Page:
Security use, independent news crews present challenges for frequency coordination

Although some government security frequency users created unexpected interference, the frequency coordinator for the event said efforts to minimize interference among broadcasters worked.

Despite some unexpected RF interference from government security spectrum users, the Democratic National Convention in Boston last week was a resounding success for those responsible for coordinating how the news media used spectrum to cover the event.

CBS’s Walter Sidas, a member of the frequency coordinating executive committee, sits high above the convention floor in Boston overseeing the spectrum usage of television news crews covering the Democratic National Convention.

According to Louis Libin, appointed by the FCC to be the frequency coordinator for both political conventions, planning for the event was textbook. “The relationship with the FCC was tremendous,” he said. “We acquired all of the special temporary authorizations that were needed, and the cooperation among all the broadcasters was great.”

The overall success didn’t mean there weren’t a few headaches along the way. Heightened security meant Libin and his committee had to deal with interference from government security agencies.

“The biggest challenge was not getting feedback from the (security) agencies, because they didn’t feel like they had to provide it. Basically, they feel like our responsibility is broadcast and theirs is security,” he said.

At political conventions prior to the heightened security concerns, the security agencies would inform the coordinator where interference problems were occurring. “But now there is a new level of confidentiality,” he said.

In this environment, the FCC served as an intermediary between Libin and the security agencies. "We worked with the FCC (on-site) and hoped they could resolve the issues, but they couldn’t reveal the details."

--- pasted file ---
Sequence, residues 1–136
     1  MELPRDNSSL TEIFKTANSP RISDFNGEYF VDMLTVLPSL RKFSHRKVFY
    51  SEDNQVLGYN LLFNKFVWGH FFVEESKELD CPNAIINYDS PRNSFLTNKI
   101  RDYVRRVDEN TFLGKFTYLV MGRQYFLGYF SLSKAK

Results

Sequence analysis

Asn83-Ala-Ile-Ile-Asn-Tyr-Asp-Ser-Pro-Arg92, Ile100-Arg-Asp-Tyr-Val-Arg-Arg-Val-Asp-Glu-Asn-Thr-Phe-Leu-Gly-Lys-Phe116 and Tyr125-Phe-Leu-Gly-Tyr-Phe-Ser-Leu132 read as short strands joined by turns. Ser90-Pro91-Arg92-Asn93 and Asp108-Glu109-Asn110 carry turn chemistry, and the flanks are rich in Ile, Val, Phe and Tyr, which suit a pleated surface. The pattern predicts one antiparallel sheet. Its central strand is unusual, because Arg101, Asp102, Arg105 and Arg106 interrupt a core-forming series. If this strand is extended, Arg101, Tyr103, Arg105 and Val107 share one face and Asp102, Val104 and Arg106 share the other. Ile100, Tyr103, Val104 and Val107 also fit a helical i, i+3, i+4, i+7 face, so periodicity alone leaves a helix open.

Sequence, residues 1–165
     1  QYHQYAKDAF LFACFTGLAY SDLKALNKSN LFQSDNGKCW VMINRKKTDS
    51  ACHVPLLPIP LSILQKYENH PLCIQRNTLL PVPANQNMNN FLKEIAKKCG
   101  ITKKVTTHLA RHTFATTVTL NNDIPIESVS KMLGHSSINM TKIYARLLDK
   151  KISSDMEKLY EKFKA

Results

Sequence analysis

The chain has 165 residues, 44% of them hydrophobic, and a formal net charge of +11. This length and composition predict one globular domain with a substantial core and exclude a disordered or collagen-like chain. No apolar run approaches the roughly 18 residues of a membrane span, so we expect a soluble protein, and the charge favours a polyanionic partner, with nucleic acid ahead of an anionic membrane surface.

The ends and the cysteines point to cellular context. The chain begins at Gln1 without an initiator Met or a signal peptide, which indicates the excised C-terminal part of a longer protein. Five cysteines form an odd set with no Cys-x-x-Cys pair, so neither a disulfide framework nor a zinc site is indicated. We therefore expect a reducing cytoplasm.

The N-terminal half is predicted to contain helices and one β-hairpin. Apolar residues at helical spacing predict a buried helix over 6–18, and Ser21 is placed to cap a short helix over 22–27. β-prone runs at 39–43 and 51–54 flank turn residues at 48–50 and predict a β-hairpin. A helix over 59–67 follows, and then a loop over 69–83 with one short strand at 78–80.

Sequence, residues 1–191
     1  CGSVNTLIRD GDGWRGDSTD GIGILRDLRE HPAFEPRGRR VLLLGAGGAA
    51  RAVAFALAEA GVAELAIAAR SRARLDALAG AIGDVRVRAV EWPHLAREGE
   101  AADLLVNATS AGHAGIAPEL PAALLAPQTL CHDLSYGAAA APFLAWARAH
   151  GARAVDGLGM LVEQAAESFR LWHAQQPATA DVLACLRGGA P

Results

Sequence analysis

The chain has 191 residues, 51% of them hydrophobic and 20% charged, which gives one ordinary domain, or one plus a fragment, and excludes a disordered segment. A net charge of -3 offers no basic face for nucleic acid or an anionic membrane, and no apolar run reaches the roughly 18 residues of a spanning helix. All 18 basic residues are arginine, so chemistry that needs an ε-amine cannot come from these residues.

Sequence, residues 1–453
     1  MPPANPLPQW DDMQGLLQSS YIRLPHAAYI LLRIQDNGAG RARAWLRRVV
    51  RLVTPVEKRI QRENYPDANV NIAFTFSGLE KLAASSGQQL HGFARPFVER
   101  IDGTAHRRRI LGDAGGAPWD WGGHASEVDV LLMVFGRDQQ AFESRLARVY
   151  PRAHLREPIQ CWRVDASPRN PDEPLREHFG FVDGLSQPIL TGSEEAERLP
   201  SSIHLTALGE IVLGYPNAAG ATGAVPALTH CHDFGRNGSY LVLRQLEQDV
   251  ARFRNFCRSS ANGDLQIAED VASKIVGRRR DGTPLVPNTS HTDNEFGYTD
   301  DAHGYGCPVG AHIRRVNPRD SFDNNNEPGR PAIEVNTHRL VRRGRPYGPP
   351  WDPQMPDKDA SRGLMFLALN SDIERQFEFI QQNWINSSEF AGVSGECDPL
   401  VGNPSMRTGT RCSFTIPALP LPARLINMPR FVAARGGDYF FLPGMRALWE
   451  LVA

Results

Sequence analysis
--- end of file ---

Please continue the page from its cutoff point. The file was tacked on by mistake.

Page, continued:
The other problem Libin and is committee faced were independent news crews showing up in Boston expecting to use their wireless mics without prior clearance. “Some of these news crews don’t even realize that a wireless mic is a wireless mic,” he said.

“Going to the convention is like going into a Grand Prix auto race. You can’t just go there facing 1000 other cars. All of your equipment has to be tuned up. We can’t go there and be expected to make sure their equipment has the right isolators, filters, circulators. Nor can we be expected to make sure it’s not putting out any spurs (spurious signals).”

At the Republican National Convention, Lubin hopes to build on the lessons learned in Boston and garner the help of convention organizers.

“At the Super Bowl, you can count on one hand the number of wireless cameras inside the event,” he explained. “At this event it is many, many times that and in bands that have never ever been used before or been shared with other users. The RF level use is higher, and the way the equipment is used stresses it to the absolute maximum.”

As long as there’s not a single rights holder to the political conventions, which probably will never happen, there will be no end in sight to the intensive spectrum use and the need for cooperation and coordination, he said.

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